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ASUSTeK Computer Inc. has established a firm position in the world hardware market, supplying notebooks, computers, mainboards, graphics cards, servers and server platforms, controllers, audio cards, optical drives and what not. The Taiwan-based company owes much of its success to the quality and reasonable pricing of its products, quick response to any market changes, and competent tech service.

Today I’m going to review two new notebooks from ASUS which have come to replace the A2 series: A4B00L and A4S00G models. The former is positioned as a budget notebook for office, and the latter as a high-performance machine capable of replacing an ordinary workstation. Both notebooks are based on processors with support of Hyper-Threading technology, have a widescreen matrix and a big amount of system memory. They also offer the opportunity to quickly, easily and cheaply upgrade obsolete parts. These features will be covered in more detail below.

Design and Ergonomics

Glancing over the A4B00L or A4S00G you can immediately tell that these models are not for frequent business trips or long work in “field conditions”. They are really too big (356 x 286 x 42mm) and heavy (3.5kg) for that.

The two reviewed models have identical cases – the design and the number and type of ports and connectors are the same. So, the lids of the notebooks are colored dark gray; the area between the touchpad and the keyboard is the same color, while the screen bezel and the bottom surface are black. A light silvery bezel goes around the sides of the notebooks. The design is overall simple, but not quite harmonious.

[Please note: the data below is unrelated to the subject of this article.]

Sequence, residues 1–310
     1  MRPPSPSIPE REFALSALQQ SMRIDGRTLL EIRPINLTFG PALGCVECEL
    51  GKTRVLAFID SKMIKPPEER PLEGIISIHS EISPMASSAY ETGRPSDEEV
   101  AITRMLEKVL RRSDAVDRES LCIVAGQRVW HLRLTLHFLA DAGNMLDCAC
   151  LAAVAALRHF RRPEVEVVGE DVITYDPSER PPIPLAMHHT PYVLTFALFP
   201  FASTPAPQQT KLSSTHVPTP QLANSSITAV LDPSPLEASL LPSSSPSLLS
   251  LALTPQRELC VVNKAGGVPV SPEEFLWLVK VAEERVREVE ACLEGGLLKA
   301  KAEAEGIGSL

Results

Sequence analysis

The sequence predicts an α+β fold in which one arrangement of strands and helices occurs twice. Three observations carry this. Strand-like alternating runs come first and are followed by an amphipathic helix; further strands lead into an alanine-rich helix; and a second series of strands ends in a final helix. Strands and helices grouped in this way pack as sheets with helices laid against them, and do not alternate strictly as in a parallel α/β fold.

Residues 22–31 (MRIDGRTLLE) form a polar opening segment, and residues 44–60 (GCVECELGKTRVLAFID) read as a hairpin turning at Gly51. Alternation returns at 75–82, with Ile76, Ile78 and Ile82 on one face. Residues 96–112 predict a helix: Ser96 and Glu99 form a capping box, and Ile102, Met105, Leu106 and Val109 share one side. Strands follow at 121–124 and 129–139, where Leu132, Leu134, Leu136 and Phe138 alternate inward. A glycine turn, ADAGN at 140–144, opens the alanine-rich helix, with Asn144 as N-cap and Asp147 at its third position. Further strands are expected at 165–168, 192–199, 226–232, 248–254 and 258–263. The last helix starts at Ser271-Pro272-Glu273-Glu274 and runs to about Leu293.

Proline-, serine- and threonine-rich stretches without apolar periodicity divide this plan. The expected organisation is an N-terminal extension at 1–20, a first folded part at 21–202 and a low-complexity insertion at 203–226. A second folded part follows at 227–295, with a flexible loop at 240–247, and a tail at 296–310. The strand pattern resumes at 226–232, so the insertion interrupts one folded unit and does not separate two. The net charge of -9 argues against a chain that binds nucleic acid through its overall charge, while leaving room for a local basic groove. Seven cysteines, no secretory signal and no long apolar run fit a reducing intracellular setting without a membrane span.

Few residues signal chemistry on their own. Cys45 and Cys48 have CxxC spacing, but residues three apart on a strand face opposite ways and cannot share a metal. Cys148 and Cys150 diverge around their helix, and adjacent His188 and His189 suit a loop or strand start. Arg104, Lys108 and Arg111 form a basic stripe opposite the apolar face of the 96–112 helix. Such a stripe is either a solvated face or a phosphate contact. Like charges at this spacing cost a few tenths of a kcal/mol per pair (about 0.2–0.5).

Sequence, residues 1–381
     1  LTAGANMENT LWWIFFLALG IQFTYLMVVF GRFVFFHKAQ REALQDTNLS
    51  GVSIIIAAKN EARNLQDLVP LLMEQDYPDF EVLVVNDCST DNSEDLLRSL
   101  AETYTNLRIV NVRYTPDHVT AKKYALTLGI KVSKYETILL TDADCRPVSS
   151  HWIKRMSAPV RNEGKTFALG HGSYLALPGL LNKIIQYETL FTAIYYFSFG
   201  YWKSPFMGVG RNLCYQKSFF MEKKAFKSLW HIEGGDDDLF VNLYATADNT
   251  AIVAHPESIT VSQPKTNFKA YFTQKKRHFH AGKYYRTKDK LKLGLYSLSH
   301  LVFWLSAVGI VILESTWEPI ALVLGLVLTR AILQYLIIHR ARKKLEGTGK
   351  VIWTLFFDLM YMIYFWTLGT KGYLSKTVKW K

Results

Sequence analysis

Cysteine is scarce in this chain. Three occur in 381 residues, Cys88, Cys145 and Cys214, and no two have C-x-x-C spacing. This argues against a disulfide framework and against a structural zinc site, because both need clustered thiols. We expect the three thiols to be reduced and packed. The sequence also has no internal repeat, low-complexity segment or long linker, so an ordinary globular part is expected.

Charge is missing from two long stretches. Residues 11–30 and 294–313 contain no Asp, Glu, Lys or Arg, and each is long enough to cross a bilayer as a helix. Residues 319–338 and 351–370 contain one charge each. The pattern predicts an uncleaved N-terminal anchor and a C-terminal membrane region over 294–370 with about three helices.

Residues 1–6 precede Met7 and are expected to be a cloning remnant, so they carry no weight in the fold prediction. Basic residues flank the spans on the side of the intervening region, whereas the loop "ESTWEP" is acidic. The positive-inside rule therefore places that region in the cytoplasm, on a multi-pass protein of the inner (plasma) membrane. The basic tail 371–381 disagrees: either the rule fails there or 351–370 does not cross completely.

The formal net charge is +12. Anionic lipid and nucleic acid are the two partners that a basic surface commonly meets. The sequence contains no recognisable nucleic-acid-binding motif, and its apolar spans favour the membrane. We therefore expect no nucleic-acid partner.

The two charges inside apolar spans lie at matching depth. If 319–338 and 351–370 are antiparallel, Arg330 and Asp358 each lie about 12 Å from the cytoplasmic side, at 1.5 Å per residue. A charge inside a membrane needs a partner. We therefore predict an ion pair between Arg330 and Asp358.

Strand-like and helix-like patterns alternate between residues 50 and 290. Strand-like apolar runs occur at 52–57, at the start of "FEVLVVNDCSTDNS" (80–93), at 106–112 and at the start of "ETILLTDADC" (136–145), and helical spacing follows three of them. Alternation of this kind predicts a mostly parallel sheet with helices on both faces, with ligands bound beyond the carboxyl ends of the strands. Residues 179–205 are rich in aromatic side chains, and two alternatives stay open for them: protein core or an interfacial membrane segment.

A rather high-sensitivity microphone is integrated into the top left corner of the screen bezel. The widescreen panels of the notebooks have a diagonal of 15.4” and a maximum resolution of 1280x800 (A4B00L) and 1680x1050 (A4S00G); they are bright and good at reproducing colors. You can control the screen brightness using the appropriate functional keys; the current setting is then displayed on an onscreen scale. The brightness range is rather wide, but the minimal brightness level is of no use anyway – the screen is too dark. Moreover, you’re going to see below that the reduction of the screen brightness doesn’t bring any bonuses in terms of battery life.

On the top panel, near the right screen hinge, there is a row of buttons: a round power on/off button (highlighted with bright orange), a button to disable the touchpad (to avoid accidental touches when you’re typing text), a Power4Gear+ button (it browses between different power-saving modes), and quick-launch buttons (to quickly start up your Internet browser or e-mail client).

The system status indicators are divided into two groups and are also found on the top panels of the notebooks. The first group is located at the base of the screen above the quick launch buttons and consists of the following indicators: HDD, Num Lock, and Caps Lock. The second group is located under the touchpad’s buttons, which is not very handy as they are not visible with the lid is closed. This group includes:

  • Audio DJ indicator (it lights up when you enable this feature);
  • Power indicator (is aglow when the computer is on);
  • Battery charge indicator;
  • Incoming mail indicator (alight when you’ve got new e-mail messages);
  • WLAN indicator (it lights up when the integrated adapter is receiving or sending data packets).
 
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